An open letter from the National Indigenous Organization of Colombia (ONIC) and the Regional Indigenous Council of Cauca (CRIC) Nov. 22 outlined an “Indigenous and Popular Peace Proposal” that they are demanding be taken up at the talks between the Colombian government and FARC rebels now underway in Havana. The proposal stresses issues not on the agenda at Havana, including the territorial autonomy and traditional authority of Colombia’s indigenous peoples. Indigenous leaders will convene a meeting next month to advance the proposal and press demands for openinig the peace process to popular participation. The meeting will be held at the village of La María de Piendamó, Cauca department, which has been declared a “territory of peace and dialogue.”
The letter applauded the recent decision of the FARC to declare a two-month ceasefire while the talks go forward, and called upon the government to respond in kind. But it stated that violence by armed actors on indigenous lands has not abated. “The situations we have denounced in Cauca and various other zones of the country are the same as ever: assassinations, forced displacements, fields mined or left with unexploded bombs, restrictions of political liberties, and the continuous launching of improvised explosives on the part of the FARC.” Similarly, the Colombian army is continuing to unleash machine-gun fire in indigenous villages under the protext that “the guerillas were here hours ago.” The letter cites the case in the community of La Gallera in resguardo (reservation) Kwe’s Kiwe Nov. 17, in which homes were shot up and a young man of the Nasa indigenous ethnicity was killed by army fire. (Colprensa, Nov. 22)
The FARC made thier ceasefire announcement Nov. 19. Government delegates responded that the FARC must agree to surrender their weapons. and that the army will not withdraw from conflicted areas around the country until a peace deal is signed. Just four days later, an army general charged that two guerillas in Caloto municipality, Cauca, detonated a minefield after luring soldiers to approach using white banners. Gen. Alejandro Navas cited the attack as “evidence of how they have failed to keep their word.”
But the FARC delegation in Havana denied the charge, asserting in a press release that their forces have been in “full compliance” with the truce. “No combat unit of the FARC-EP or the Bolivarian militias operated in that area” on the day of the attack, the statement asserted, using the formal acronym for the Revolutionary Armed Forces of Colombia-Popular Army. Instead, the rebel delgation charged the supposed attack was “a dangerous pantomime” by the army. “This strategy of coming up with media shows and televised false flags is an old habit of the army in the regiony,” said the FARC statement. “Because of this, neither the campesinos nor the indigenous of Cauca give them a shred of credibility.” (This last assertion contradicts the ONIC-CRIC statement charging that in fact guerilla attacks continue in Cauca.)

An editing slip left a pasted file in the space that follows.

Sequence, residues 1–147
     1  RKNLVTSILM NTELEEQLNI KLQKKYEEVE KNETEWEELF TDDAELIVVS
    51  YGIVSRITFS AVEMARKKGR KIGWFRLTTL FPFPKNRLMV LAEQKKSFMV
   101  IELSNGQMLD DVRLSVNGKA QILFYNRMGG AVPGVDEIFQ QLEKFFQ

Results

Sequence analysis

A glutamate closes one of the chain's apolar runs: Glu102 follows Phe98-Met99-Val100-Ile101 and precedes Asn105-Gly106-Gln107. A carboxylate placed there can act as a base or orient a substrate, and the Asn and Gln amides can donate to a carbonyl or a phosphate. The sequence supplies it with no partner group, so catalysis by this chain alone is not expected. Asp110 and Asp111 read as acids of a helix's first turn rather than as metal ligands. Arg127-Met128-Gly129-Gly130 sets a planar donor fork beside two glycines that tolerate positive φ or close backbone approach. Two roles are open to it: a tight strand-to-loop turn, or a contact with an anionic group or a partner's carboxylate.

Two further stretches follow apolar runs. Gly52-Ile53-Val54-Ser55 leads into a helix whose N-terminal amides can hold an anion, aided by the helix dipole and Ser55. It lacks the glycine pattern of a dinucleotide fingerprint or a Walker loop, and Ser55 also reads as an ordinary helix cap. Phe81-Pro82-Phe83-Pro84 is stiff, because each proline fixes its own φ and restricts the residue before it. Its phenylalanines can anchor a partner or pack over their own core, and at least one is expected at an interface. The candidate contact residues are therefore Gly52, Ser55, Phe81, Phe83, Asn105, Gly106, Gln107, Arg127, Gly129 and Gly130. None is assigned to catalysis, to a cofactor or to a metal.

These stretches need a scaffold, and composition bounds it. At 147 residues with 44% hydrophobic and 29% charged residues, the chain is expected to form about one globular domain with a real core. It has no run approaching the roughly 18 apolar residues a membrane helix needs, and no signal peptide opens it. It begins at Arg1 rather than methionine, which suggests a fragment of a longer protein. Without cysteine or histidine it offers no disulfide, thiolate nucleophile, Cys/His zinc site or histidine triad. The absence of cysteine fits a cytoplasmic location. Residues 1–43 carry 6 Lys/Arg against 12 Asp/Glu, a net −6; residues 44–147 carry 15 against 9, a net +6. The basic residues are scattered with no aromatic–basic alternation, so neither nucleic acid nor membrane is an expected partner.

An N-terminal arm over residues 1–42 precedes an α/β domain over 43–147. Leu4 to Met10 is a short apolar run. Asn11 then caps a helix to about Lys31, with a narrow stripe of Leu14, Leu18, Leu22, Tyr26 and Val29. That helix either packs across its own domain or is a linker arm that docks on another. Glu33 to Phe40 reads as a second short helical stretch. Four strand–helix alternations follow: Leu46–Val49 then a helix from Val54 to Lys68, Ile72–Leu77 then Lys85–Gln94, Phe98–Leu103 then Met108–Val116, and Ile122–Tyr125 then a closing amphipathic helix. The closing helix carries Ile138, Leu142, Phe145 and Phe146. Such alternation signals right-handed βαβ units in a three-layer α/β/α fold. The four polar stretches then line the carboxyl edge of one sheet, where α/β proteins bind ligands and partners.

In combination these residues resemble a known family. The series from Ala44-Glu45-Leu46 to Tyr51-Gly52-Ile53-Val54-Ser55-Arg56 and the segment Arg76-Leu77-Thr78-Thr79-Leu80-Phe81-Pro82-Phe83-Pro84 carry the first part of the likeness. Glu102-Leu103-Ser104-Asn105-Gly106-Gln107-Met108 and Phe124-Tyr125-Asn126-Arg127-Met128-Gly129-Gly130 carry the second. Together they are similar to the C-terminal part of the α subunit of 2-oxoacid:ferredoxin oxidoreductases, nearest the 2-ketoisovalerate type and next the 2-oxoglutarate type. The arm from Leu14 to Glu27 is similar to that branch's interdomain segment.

One FARC unit in the field elsewhere in the country admitted to armed actions after the ceasefire took effect, claiming they had not yet received word of it. Members of the FARC’s 36th Front in Antioquia department said that the “electricity pylons were blown up in Reposo, municipality of Campamento, on Nov. 20 because the order to cease fire had not reached the guerrilla unit involved in that action.”
The government and FARC delegations are to convene their own public forum in Bogotá next month to “receive input and proposals coming from citizen participation” on the peace talks. Colombia’s congress, with the support of the UN, held a first public forum on the talks Nov. 4 in the southwestern city of Pasto, Nariño department. Local organizations then demanded more input in the peace process. (Colombia Reports, Colombia Reports, BBC News, Nov. 25; Diario del Huila, Dec. 22; BBC News, Nov. 19)
In another attack on indigenous lands, the leader of the Arhuaco people in Colombia’s northern Sierra Nevada de Santa Marta, Rogelio Mejia Izquierda, survived an apparent assassination attempt Nov. 8. Mejia was shot at, but the bullet went through his hat and just scraped him; the SUV he was riding in was riddled with 40 bullet holes. The attack by unknown armed men took place near Puerto Bello, César department, a village that Arhuaco authorities charge was illegally established by settlers on indigenous lands. “Without having a clear idea at this time of the motives behind the murder attempt, we see it as a grave incident and yet another violation of our people’s rights,” the Arhuaco Resguardo of the Sierra Nevada said in a statement.
The statement also recalled the murders 22 years ago of Arhuaco leaders Luis Napoleon Torres, Hugues Chaparro and Angel Maria Torres by Colombian soldiers, which have gone unpunished to this day, despite censure by the Inter-American Court of Human Rights. The Arhuacos and other indigenous peoples of the Sierra Nevada de Santa Marta—the Koguis, Kankuamos and Wiwas—have for years stood up to pressure from guerillas, paramilitaries and drug traffickers, as well as from settlers. (EFE, Nov. 12)